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Nothing Doesn’t Exist

nothingHow did the universe emerge from nothing? It is irrelevant to the cosmological argument whether the universe is expanding, cyclical, oscillating, or suspended on the back of an immense turtle hurtling though space. The premises of the argument address what occurred before the Plank epoch. They are not so much concerned with the nature of the universe but its genesis.

The expanding universe in which we live is contingent upon a cause but that contingency does not necessarily apply to the fabric of the universe itself. Hubble’s observations indicate an expanding universe and from this we can extrapolate an ever shrinking universe into the past until we arrive at what?

Nothing: What does it mean?

The indefinite pronoun is usually defined as “the absence of anything.” It is an indefinite pronoun that refers to something. The proper noun Santa Claus pertains to a jolly, bearded, rotund man with an ability to annually pervert time but it does not follow that the referent exists. The sentence “there is nothing in the room,” posits not that there is no air, photons, or quantum particles in the room. In this sentence “nothing” refers to a mutually understood absence of a particular property–namely furniture. It is not meant to signify true nothingness.

Particles and antiparticles spontaneously form and annihilate each other while maintaining the first law of thermodynamics through quantum fluctuations. The Quantum Electrodynamic vacuum contains no matter particles and no photons. Throughout the vacuum, the average value of electric and magnetic fields are zero but the individual fluctuations are not. There is a temporal change in the energy at a given point in space, allowing the creation of particle/antiparticle virtual pairs which are measurable in the charge of the electron. Quantum processes can inexorably drive an empty universe into one that is dominated by matter. The Quantum Electrodynamic vacuum is perhaps as close as we can get to the abyss, but it cannot be described as nothing.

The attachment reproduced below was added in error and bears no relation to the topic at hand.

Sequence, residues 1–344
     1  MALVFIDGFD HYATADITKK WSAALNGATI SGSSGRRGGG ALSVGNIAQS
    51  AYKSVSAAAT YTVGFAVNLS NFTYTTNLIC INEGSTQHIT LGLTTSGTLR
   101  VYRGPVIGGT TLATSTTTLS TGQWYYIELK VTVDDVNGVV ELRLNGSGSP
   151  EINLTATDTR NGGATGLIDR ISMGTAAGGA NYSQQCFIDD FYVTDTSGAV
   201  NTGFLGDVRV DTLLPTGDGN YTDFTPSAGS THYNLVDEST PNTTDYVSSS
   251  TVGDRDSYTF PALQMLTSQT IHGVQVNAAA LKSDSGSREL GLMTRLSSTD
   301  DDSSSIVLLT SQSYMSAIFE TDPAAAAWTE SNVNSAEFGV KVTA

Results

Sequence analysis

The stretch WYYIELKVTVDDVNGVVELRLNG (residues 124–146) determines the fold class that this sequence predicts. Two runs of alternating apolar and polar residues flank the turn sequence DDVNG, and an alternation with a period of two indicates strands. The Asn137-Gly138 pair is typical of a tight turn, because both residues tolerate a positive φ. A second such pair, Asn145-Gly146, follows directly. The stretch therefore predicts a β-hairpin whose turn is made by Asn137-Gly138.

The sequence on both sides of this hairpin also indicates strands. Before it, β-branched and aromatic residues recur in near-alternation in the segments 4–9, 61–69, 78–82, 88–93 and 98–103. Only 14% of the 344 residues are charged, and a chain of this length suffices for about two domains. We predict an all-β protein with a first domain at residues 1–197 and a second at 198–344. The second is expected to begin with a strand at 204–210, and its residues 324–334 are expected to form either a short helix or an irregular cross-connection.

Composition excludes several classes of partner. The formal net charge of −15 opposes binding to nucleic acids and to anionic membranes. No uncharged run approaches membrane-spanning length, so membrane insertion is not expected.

The particular configuration of the universe in which we live may not be necessary. It is contingent upon numerous events taking place, but it does not follow that the same can be applied to the energy that makes up that universe or to the quantum vacuum from which it might have begun its expansion.

If the universe is defined as “everything that exists”, then it must include the quantum vacuum that exists independently of planets and solar systems etc. The quantum vacuum arguably exists independently of space and time which were both created in the early stages of expansion (if General Relativity is correct.)

This is of course theoretical.  My point is not to argue that this is definitively the answer to the origin of the universe. My knowledge of physics is inadequate to understand it, let alone defend it. My interest is only in showing that the premise “the universe does not exist out of necessity,” rests upon numerous presumptions and is, at the very least, questionable. It is certainly not certain enough to function as an adequate premise.



Published inThe Cosmological Argument